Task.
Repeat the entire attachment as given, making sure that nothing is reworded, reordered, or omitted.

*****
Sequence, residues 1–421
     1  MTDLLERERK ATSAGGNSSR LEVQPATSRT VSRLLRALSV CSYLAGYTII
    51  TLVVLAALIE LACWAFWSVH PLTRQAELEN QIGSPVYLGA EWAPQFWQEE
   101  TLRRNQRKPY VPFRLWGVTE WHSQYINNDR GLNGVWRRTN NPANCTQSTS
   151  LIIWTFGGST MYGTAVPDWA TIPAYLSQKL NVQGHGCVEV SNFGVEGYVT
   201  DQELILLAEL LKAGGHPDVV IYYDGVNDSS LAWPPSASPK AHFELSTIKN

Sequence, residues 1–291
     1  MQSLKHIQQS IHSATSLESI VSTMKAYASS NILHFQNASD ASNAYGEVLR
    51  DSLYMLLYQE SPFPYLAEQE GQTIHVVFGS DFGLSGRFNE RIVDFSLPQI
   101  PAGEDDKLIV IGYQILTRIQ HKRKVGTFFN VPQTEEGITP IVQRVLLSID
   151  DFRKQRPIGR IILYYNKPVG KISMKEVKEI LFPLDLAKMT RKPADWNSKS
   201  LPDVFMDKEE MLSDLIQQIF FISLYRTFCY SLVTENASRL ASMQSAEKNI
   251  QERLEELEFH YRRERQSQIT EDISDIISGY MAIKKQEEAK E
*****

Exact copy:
Sequence, residues 1–421
     1  MTDLLERERK ATSAGGNSSR LEVQPATSRT VSRLLRALSV CSYLAGYTII
    51  TLVVLAALIE LACWAFWSVH PLTRQAELEN QIGSPVYLGA EWAPQFWQEE
   101  TLRRNQRKPY VPFRLWGVTE WHSQYINNDR GLNGVWRRTN NPANCTQSTS
   151  LIIWTFGGST MYGTAVPDWA TIPAYLSQKL NVQGHGCVEV SNFGVEGYVT
   201  DQELILLAEL LKAGGHPDVV IYYDGVNDSS LAWPPSASPK AHFELSTIKN

Sequence, residues 1–291
     1  MQSLKHIQQS IHSATSLESI VSTMKAYASS NILHFQNASD ASNAYGEVLR
    51  DSLYMLLYQE SPFPYLAEQE GQTIHVVFGS DFGLSGRFNE RIVDFSLPQI
   101  PAGEDDKLIV IGYQILTRIQ HKRKVGTFFN VPQTEEGITP IVQRVLLSID
   151  DFRKQRPIGR IILYYNKPVG KISMKEVKEI LFPLDLAKMT RKPADWNSKS
   201  LPDVFMDKEE MLSDLIQQIF FISLYRTFCY SLVTENASRL ASMQSAEKNI
   251  QERLEELEFH YRRERQSQIT EDISDIISGY MAIKKQEEAK E